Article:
Global Policy Forum

Environmentalists Push a New Lever:


By Otto Pohl

International Herald Tribune
July 6, 2004

When Darcy White of Raytown, Missouri, chose to breast-feed her baby daughter two years ago, she had never heard of brominated flame retardants. But after randomly participating in a study, she learned that her breast milk carried unusually high levels of the chemicals.

Since then, the U.S. Environmental Protection Agency has announced an agreement with chemical manufacturers to ease out the worst of these toxic compounds, which are present in a wide variety of consumer goods like furniture and computer monitors, and Congress is considering legislation to make the ban permanent.

But it was only after the chemicals had been banned here in Europe that sufficient political pressure rose for a phaseout in the United States.

That cycle was no accident. Globalization has often been condemned as encouraging a race to the bottom as multinationals seek the cheapest and least regulated place to do business. But increasingly, American environmental and public health advocates see globalization as a way to start a race to the top. They are taking their issues to the European Union, hoping to use regulations there as a lever for regulations in the United States.

"We are putting more resources into Europe than we otherwise would have done," says Charlotte Brody, coordinator of Health Care Without Harm, a Washington-based group attempting to reduce harmful substances in hospital supplies. "We desperately need the EU to be raising the bar and show what is possible." Environmental groups, too, are working more closely with European lawmakers.

"We feel that Europe is a real opportunity," says Ned Helme, executive director for the Center for Clean Air Policy in Washington. Once Europe moves ahead on programs to curb the gases believed to cause global warming, Helme believes, it will promote change in the United States. "We're pushing where the opportunity for innovation is greatest," he said.

The regulations affect a broad range of American chemical, energy and electronics companies, and industry groups say bureaucrats that they did not elect are wielding unprecedented power over them, based on insufficient evidence of harm. "The EU is going where no man has gone before," says James Lovegrove, managing director of the European division of the American Electronics Association, a United States industry lobby. "The moment the ink hits the paper in Europe it becomes a global piece of legislation." The generally stricter European laws reflect a different philosophical approach to regulation, says Dr. Indra Spiecker, a specialist in comparative law and assistant professor for American law at the University of Osnabrück in Germany. American lawmakers primarily look to cost-benefit analysis, which holds that the benefit of imposing regulation should outweigh its cost. European nations have more readily embraced what is called the precautionary principle.

Essentially, Europeans emphasize the cost of inaction, while Americans tend to focus on the cost of action. "Fifteen years ago consumer issues would start in the United States and sweep over to Europe," says Ursula Schliessner, a product safety lawyer at McKenna Long Aldridge in Brussels. "Now when there are consumer issues in the EU they trigger reactions in the United States." In the case of the flame retardants, scientists from the Environmental Working Group, researching the prevalence of the chemicals in American mothers, discovered that White, an outwardly healthy 31-year-old practicing nurse, had some of the highest levels ever recorded. Studies have shown that, in laboratory animals, the chemicals can cause severe damage to the brain, especially in the first months of life. No one has proved that the substances are dangerous to humans, and White's daughter, Katelyn, is thriving.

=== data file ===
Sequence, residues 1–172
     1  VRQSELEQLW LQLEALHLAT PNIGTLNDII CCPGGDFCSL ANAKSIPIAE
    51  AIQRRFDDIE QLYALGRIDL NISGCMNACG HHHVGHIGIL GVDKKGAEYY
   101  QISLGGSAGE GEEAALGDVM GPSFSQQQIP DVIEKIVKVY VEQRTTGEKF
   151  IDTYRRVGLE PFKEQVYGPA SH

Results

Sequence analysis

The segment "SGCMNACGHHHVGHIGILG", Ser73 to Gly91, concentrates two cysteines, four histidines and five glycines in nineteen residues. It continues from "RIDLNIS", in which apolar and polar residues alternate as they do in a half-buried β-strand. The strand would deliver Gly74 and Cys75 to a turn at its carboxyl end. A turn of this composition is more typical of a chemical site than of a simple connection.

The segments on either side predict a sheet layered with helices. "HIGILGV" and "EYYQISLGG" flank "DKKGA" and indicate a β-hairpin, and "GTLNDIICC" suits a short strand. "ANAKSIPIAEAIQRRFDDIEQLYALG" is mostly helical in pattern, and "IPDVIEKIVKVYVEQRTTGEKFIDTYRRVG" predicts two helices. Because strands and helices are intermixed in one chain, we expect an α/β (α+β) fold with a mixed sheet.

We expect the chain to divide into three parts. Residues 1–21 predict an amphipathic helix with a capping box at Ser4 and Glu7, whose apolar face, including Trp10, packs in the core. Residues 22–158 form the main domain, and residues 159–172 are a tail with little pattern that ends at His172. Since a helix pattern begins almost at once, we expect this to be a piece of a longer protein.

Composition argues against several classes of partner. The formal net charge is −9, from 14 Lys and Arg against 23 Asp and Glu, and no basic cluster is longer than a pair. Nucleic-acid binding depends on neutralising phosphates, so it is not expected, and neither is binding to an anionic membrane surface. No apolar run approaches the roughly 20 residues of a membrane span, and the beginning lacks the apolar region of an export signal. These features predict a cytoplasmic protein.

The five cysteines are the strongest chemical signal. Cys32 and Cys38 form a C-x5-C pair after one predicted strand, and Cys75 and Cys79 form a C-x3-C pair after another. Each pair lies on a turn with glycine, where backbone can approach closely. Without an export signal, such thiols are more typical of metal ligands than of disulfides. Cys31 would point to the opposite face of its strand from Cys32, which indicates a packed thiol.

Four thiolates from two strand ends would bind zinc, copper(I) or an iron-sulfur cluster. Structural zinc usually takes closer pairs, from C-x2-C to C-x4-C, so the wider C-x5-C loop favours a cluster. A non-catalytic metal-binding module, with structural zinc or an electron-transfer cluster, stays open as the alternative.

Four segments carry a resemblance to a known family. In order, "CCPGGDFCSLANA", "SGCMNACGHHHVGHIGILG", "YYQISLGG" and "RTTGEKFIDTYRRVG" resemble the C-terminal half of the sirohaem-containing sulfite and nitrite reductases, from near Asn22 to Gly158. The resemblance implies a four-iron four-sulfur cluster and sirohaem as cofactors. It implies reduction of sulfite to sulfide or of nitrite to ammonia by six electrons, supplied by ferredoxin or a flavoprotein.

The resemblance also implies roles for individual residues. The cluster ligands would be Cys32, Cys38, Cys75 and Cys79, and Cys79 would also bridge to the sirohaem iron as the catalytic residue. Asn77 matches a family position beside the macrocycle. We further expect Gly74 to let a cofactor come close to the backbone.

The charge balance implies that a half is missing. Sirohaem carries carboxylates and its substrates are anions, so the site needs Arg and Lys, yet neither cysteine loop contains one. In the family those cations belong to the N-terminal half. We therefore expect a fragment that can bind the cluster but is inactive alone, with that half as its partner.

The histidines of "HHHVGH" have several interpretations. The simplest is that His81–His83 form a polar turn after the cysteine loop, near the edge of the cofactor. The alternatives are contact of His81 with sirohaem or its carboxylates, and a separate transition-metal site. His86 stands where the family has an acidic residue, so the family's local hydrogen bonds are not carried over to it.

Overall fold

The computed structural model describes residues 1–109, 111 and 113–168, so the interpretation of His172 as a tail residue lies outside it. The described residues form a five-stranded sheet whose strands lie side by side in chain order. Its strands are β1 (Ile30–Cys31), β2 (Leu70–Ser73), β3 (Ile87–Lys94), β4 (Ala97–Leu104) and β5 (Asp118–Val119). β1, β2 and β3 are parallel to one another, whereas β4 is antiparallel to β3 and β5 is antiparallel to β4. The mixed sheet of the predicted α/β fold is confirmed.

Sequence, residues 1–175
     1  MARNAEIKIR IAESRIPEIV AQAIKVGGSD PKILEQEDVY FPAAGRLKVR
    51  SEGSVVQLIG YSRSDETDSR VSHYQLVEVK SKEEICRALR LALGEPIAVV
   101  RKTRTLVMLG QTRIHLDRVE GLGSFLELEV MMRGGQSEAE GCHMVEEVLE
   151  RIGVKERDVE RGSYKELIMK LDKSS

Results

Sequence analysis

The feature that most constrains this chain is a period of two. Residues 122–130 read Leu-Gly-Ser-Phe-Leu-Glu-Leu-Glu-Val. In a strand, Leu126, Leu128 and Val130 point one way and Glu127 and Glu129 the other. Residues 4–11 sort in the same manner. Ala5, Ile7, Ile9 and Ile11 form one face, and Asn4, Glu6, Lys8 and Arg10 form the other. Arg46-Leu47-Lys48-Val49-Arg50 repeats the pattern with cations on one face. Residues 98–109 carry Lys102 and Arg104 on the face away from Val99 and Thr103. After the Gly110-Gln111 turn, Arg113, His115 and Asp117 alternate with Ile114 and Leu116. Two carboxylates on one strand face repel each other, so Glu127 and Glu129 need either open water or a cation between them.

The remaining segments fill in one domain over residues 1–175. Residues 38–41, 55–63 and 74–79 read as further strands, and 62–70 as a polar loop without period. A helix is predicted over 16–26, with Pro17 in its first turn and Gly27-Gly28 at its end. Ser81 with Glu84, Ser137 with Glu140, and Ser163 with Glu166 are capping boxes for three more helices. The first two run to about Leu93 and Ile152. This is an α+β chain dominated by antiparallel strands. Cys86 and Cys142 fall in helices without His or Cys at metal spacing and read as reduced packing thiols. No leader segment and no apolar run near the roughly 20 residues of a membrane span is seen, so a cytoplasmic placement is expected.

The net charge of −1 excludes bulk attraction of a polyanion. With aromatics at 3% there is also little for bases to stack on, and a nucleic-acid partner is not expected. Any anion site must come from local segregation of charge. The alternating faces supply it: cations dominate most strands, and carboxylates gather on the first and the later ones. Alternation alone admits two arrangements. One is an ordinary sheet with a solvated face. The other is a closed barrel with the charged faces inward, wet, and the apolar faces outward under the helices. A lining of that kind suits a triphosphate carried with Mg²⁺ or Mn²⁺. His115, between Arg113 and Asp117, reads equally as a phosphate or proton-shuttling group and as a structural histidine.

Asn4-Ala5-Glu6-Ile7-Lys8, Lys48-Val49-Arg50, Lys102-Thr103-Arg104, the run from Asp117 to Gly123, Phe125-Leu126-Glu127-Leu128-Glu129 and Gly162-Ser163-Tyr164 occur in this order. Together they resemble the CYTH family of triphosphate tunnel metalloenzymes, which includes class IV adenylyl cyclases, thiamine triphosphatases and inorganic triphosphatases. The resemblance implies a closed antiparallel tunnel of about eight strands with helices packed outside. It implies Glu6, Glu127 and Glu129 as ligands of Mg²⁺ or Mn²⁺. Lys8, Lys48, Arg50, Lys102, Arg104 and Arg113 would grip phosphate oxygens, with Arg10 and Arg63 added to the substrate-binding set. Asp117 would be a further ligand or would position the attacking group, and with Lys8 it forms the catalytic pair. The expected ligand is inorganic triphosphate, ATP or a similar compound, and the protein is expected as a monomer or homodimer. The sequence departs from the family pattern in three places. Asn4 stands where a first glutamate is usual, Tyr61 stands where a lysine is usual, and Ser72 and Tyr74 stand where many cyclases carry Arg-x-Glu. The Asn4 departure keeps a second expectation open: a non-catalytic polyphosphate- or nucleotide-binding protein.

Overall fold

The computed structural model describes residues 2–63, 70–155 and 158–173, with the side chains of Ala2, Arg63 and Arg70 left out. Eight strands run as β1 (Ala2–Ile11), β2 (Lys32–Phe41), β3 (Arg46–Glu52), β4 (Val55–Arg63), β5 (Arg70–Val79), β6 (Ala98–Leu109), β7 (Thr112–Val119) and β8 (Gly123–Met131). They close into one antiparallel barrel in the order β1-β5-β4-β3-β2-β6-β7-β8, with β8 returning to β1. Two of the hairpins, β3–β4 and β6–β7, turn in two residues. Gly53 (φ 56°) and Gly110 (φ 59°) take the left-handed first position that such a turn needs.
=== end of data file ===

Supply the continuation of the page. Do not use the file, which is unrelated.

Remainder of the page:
White does not warn expectant mothers who come to her maternity ward to be tested for the chemicals. "You don't want to freak out mothers more than they already are," she says. But Dr. Linda Birnbaum, director of the experimental toxicology division at the Environmental Protection Agency, believes that the risk identified in the European studies, which then triggered additional research in America, was high enough to warrant action. A co-author of the current legislation in Congress, Representative Diana DeGette, Democrat of Colorado, also says the European action against the substance was important to raise the issue in the United States. "The fact that the EU is taking steps really helps give us an argument" to ban the substances, she said.

European legislation can have an even more immediate impact in an area like consumer electronics. Because of the global nature of the electronics business, a multinational that redesigns its product to eliminate a substance banned in the EU often finds it cheaper to sell that product worldwide.

The EU is now considering sweeping new regulation of its chemical industry that has unleashed what analysts here say is the biggest lobbying effort in Brussels ever mounted by American industry. The new law, known as Reach, would place the burden of proof of safety on the producers before its sale, rather than waiting for problems to spur regulation later. It would force American chemical companies to comply with the legislation in order to continue exporting to Europe - and raises the fear of similar legislation in the United States. The chemical industry points out that few if any of the unregulated chemicals are causing obvious health crises and says the legislation is overly bureaucratic and expensive. The American Chemical Council has marshaled its members to alter or derail the legislation.

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